In this context, the plans that the London Mayor Sadiq Kahn has released for the Thames estuary, to be developed between now and 2050 in conjunction with the South East Local Economic Partnership (LEP), mark an interesting departure. The ambition to create the largest creative production area in the world, east beyond Docklands and London to the wider Thames estuary and the coast. A recognition that the capital accounts for 47 per cent of the GDP of the UK creative industries and requires space to grow into, particularly if the trend of the centre of the capital becoming ever more expensive continues. The plans include, among other things, proposed film studios at Dagenham, new spaces for creating large scale artworks at Silvertown and a new hub for the experimental arts at Woolwich.
As Max Nathan has pointed out, the development of the Thames estuary in general faces the wider difficulty of whether it is a growth project, or a regeneration project, when traditionally the economic growth corridors attractive for development run north and west of the city. The area covered is also very large and has a wide range of economic conditions within it. Whether the dispersed development at this scale allows the learning and spill overs, and access to talent that traditionally characterises many creative industry clusters, remains to be seen. It is true that very large creative clusters exist elsewhere such as in Los Angeles and Silicon Valley, but these are arguably relatively unique and developed over a long period. Improving the transport connections, which get worse the further along the estuary you get, between the Thames’ north and south bank would help assist the formation of clusters at a larger scale.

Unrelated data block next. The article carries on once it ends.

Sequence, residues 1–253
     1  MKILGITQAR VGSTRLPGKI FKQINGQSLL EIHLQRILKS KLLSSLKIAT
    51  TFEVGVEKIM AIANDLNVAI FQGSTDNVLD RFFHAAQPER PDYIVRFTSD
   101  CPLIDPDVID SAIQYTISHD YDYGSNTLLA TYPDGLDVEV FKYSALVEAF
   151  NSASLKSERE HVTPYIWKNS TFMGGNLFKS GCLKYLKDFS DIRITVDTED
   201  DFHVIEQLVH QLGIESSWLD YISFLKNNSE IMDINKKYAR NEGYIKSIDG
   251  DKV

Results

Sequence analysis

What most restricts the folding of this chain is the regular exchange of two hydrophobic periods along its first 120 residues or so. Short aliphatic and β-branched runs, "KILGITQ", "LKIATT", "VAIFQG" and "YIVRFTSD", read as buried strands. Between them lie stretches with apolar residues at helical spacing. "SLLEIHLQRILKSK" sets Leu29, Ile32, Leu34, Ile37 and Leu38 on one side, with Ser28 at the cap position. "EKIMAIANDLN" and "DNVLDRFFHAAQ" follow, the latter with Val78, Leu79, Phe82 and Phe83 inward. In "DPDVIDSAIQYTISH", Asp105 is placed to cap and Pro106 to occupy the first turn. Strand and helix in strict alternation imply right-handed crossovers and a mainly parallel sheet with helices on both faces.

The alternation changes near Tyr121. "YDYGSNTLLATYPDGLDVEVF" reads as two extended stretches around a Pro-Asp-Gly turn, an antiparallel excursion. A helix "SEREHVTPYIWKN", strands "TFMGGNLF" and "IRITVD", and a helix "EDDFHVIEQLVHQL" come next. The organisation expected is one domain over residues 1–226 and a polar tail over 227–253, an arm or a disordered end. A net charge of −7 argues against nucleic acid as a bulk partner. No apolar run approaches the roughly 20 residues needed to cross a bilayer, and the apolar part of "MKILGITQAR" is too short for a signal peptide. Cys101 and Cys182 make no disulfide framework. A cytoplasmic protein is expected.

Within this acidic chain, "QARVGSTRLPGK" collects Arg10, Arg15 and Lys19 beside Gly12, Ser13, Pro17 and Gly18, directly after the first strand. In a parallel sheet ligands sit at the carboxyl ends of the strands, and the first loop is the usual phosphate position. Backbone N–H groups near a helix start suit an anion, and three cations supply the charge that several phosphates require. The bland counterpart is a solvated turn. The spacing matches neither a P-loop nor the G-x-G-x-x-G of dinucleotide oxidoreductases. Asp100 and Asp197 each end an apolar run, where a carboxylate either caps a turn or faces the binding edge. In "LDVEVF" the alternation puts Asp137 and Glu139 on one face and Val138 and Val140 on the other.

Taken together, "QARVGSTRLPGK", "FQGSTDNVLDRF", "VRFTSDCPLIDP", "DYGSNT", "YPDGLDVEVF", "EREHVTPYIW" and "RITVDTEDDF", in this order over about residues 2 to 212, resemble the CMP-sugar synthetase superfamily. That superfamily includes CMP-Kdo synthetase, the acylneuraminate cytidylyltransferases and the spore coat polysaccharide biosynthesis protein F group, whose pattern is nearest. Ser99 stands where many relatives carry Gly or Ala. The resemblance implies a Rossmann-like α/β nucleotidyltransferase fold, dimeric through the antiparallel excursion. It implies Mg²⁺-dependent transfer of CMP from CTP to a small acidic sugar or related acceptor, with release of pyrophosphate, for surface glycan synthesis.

The plans though are not in isolation, being part of wider proposals to regenerate the gateway with investments in housing and transport infrastructure, and individual components could work in their own right without the plan’s full extent coming to fruition. The plans also address some of the pitfalls of trying to generate creative clusters from scratch, by focusing some of the development around existing cultural institutions in the area such as the Royal Opera House’s production facility at Thurrock and the Historic Dockyard at Chatham. It is also a plan that recognises the very real importance of the creative industries for the capital and the UK as one of the fast-growing sectors of the economy. That this kind of proposal exists shows how attitudes to the creative industries have changed. The tide has turned.
 See for example Daniel Beddingfield’s Gotta Get Thru This, the cover of Future Sound of London’s Dead Cities and 2017's Actress’ X22RME which also showcases the area’s latest futuristic bridge, that for the Crossrail station.
 Prior to Docklands there had not been many dock regeneration schemes of equivalent size and those which had occurred were primarily in the US. Williamson, E. and Pevsner, N. (1998), p53.
 Greater London Authority(GLA) and South East LEP (2017), Thames Estuary Production Corridor, ‘An industrial vision to create a world class location for the creative industries’.
 Brinkhof, S. (2006), ‘Spatial Concentration of Creative Industries in Los Angeles’, finds that although creative industries are localised within parts of LA (mostly the West), they stretch for more than 18km.